Reuters blog archive
from Alison Frankel:
The U.S. Supreme Court handed down an unusual order Tuesday, directing the lawyers in a case called Public Employees' Retirement System of Mississippi v. IndyMac to file letter briefs explaining whether a newly proposed settlement of the underlying mortgage-backed-securities class action affects the question presented to the Supreme Court. That sure caught my attention.
The IndyMac case, scheduled to be argued on Oct. 6, is the most consequential case of the term for securities lawyers. It's not potentially catastrophic, like last term's Halliburton v. Erica P. John Fund, but it does impact big institutional investors that sometimes prefer to opt out of securities class actions and bring their own suits. Will the IndyMac settlement strip those investors of their chance to challenge an opinion by the 2nd U.S. Circuit Court of Appeals that sets an inviolable three-year limit on their individual claims?
I don't think so. It's true that on Monday, Berman DeValerio, lead counsel in the underlying IndyMac class action in federal court in Manhattan, notified U.S. District Judge Lewis Kaplan that plaintiffs have reached a $340 million settlement agreement with the underwriter defendants in the case. But because of the complicated procedural history of the class action, the settlement doesn't resolve all claims by the Mississippi pension fund that appealed the 2nd Circuit's ruling to the Supreme Court. In fact, according to the settlement brief, "none of the securities at issue on the appeal to the U.S. Supreme Court were underwritten by the settling defendants."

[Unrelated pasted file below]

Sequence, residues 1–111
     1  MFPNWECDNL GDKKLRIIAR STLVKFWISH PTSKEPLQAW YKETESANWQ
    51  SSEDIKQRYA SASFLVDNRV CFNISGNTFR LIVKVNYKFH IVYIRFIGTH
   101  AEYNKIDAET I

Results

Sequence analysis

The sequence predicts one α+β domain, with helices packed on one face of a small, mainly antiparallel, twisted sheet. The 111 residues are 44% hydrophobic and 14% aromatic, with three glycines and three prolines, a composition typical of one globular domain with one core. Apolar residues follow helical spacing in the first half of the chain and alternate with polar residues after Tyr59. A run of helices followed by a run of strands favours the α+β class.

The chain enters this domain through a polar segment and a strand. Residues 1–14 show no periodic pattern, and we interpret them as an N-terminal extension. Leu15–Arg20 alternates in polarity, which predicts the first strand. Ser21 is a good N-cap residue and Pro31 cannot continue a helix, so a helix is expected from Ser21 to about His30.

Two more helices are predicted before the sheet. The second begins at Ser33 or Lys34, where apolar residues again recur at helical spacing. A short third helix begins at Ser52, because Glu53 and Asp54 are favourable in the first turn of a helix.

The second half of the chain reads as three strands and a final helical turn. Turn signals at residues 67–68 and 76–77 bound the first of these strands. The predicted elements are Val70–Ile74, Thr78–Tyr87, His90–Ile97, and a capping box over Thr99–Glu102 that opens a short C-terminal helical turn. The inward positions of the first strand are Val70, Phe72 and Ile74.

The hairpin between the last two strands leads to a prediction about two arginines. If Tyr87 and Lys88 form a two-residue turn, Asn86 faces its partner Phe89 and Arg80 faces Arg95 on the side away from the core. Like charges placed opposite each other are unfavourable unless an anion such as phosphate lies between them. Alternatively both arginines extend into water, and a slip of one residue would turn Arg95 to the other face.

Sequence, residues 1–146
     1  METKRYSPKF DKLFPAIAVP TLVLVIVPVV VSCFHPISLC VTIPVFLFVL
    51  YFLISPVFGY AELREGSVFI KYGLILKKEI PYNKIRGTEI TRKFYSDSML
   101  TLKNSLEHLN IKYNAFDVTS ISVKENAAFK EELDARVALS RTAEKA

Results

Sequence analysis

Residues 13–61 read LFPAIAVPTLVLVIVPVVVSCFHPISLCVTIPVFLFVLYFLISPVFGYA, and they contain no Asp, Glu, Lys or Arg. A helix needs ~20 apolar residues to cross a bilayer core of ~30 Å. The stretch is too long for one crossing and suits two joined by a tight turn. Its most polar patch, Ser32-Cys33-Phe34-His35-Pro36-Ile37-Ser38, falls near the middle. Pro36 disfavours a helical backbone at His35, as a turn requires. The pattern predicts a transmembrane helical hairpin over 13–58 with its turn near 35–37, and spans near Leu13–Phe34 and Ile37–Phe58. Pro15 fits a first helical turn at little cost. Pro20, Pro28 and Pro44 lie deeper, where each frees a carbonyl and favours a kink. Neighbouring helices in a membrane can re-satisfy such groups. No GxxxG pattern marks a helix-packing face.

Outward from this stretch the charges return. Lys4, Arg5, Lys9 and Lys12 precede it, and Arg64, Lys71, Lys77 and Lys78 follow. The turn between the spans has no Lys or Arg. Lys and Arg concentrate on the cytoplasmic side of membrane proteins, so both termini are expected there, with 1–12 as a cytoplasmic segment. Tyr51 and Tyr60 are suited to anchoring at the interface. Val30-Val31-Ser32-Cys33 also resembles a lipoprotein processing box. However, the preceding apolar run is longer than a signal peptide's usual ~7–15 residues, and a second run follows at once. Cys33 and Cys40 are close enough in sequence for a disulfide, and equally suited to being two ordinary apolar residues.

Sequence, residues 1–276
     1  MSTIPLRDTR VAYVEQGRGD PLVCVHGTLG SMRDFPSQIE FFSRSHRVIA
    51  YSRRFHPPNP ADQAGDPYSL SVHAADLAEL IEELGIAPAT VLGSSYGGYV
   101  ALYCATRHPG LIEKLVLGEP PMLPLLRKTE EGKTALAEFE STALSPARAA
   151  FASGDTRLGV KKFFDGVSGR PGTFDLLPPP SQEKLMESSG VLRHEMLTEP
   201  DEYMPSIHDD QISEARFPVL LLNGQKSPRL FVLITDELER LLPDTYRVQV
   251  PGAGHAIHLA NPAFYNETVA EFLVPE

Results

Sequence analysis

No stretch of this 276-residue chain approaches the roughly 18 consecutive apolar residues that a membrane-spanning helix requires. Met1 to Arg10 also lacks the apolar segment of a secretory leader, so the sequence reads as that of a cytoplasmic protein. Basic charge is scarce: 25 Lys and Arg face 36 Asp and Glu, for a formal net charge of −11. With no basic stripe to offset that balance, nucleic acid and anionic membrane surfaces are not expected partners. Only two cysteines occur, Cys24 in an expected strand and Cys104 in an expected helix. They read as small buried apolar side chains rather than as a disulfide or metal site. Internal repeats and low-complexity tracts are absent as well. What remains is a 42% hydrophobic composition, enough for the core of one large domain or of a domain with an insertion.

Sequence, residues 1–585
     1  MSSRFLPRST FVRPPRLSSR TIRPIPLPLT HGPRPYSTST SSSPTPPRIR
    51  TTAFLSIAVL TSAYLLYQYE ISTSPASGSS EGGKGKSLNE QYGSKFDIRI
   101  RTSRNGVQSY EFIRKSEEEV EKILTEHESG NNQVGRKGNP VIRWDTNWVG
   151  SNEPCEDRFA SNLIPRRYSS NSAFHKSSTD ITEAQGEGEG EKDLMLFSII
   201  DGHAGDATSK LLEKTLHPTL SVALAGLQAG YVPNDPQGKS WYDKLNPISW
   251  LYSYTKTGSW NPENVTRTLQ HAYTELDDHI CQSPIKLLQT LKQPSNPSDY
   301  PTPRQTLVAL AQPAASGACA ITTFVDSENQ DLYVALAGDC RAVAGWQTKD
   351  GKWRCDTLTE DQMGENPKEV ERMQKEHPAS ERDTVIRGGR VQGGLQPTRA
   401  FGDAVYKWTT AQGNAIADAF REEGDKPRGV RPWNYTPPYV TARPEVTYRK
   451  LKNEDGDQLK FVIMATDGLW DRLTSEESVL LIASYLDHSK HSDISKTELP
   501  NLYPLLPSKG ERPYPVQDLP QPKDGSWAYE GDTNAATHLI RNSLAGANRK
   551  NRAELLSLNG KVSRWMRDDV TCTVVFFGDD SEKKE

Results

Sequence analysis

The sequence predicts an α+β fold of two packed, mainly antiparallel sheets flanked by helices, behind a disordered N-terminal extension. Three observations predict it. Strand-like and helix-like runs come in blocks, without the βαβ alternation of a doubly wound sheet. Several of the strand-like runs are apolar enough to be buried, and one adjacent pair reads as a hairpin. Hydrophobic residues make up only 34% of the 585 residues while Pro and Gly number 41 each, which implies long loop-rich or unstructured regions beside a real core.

The settlement also leaves alive possible causes of action against Goldman Sachs, which was dismissed as a defendant in the class action and didn't participate in the proposed settlement. We'll have to see what both sides tell the Supreme Court in the letter briefs due Thursday, but I'll be very surprised if the class action settlement spells the end of the Supreme Court case.
By Neil Unmack and Robert Cyran
The authors are Reuters Breakingviews columnists. The opinions expressed are their own.
The U.S. clampdown on tax-driven cross-border M&A should deter half-baked pharma deals. Some U.S.-led transactions, like AbbVie’s recent agreement to buy UK-based Shire, may survive on strategic logic. But pure tax-avoiding combinations look tricky.
from Tony Jimenez:
GLENEAGLES, Scotland, Sept 23 (Reuters) - Captain Tom Watson believes the United States team are often drained by having to play too much competitive golf in the lead-up to a Ryder Cup match.
Europe have a proud recent history, with seven wins from the last nine editions, and Watson says the money-spinning U.S. FedExCup playoff series that is held before the biennial team event serves as an added complication to the American squad.
from Data Dive:
This week Anchorage television reporter Charlo Greene quit her job—on-air, complete with a curse—in order to work full-time in support of Alaska’s ballot initiative to legalize marijuana.
Does that tell us anything about today’s job market? It sure does. Voluntarily leaving one’s job tends to be a sign of optimism about the employment market, and Greene’s departure may be emblematic of our confidence that we are finally creeping out of the Great Recession.
from Reuters FYI:
U.N. Secretary General Ban Ki-moon says he notices a 'sense of anxiety' on climate change.
By Rob Cox
The author is a Reuters Breakingviews columnist. The opinions expressed are his own.
In the electric utility industry, the term “stranded costs” refers to past investments used to build infrastructure that, as a result of deregulation, may become redundant and of no value. The jargon has surfaced lately in a different, but no less electrifying, context: uppity investor Nelson Peltz’s siege of one of America’s most venerable corporations, DuPont.